Synonyms—Bittersweet, woody nightshade.
- Dulcamarin, solanine, gum, resin, wax.
- Extractum Dulcamarae Fluidum, Fluid Extract of Dulcamara. Dose, from half to one dram.
- Specific Medicine Dulcamara. Dose, from one-half to ten minims.
Potatoes and tomatoes belong to this family, and although the fruit is edible, the vines are usually poisonous.
Solanine may be obtained from the new sprouts of the ordinary potato.
Physiological Action—This agent is a powerful poison to all living protoplasm. It coagulates the blood and destroys the integrity of the corpuscles.
Injected into the veins it causes dyspnea, thrombosis in the vessels and arrest of respiration. Toxic doses produce tremors, muscular contractions, central paralysis, collapse, coma, a violent fall of the temperature and death.
It is a narcotic, and in toxic doses causes nausea, vomiting, faintness, pain in the joints, numbness of the limbs, dryness of the mouth, convulsive movements, a small hard pulse, paralysis of the tongue, a purplish color of the face and hands, twitching of the eyelids and lips, trembling of the limbs, erythematous eruption, suppression of venereal desire, though recovery has followed after very large doses. Clarus administered six grains of solanine, which produced general cephalic distress, with occipital pain, increase of the frequency and loss of the force of the pulse, followed after some hours by sudden vomiting, diarrhea, great weakness, and marked dyspnea.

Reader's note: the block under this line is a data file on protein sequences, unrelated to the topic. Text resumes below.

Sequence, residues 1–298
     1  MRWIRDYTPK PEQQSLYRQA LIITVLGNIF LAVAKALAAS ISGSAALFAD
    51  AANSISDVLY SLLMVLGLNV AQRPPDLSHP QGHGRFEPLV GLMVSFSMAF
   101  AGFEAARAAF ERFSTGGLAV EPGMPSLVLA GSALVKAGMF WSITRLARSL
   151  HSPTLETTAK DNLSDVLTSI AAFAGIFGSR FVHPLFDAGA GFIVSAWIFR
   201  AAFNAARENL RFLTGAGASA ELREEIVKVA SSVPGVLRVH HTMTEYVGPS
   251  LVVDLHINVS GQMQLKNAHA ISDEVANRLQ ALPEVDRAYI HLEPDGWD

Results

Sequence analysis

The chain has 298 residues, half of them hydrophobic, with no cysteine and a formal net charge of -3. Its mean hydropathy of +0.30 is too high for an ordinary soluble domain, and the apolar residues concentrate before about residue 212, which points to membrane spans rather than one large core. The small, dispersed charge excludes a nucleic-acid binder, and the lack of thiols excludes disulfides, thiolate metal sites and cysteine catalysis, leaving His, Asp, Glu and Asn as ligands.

Therapy—Dulcamara is a remedy for all conditions resulting from suppression of secretion, from exposure to cold and dampness. It will restore normal excretion and secretion.
In acute coryza, in bronchial and nasal catarrh, in lung congestion and bronchial cough, with pain in the chest, all from cold, in bronchial asthma, and in acute bronchitis it is an excellent auxiliary remedy.
In eruptive fevers it assists in determining the eruption to the surface, especially if there is retrocession. It has a direct action upon the skin also, being given in pustular eczemas and vesicular disorders quite freely. It has produced good results in psoriasis, pityriasis, lepra, and other scaly skin disorders. It acts as an alterative in such cases, and will influence the skin derangements of scrofula and syphilis to a certain extent. It is available in the various skin disorders of childhood from disordered blood and deranged stomach.
It is an excellent alterative, if administered with care, and is therefore valuable in syphilis, scrofula, and other blood disorders. In acute and chronic rheumatism from exposure to dampness and cold, and in gout, it has been advantageously used.
Nervous irritation with depression, with hyperesthesia of the organs, and pruritus pudendi are relieved by it. It may be used in spermatorrhea with undue excitement, priapism, nymphomania, and satyriasis. It should be given first in small doses, increased to full amount if necessary. In suppression of the menses with headache and nausea and acute ovarian congestion, it will work well.
It is advised in the treatment of catarrh of the bladder, and as a stimulant to the urinary secretion.
The American Materia Medica, Therapeutics and Pharmacognosy, 1919, was written by Finley Ellingwood, M.D.
It was scanned by Michael Moore for the Southwest School of Botanical Medicine.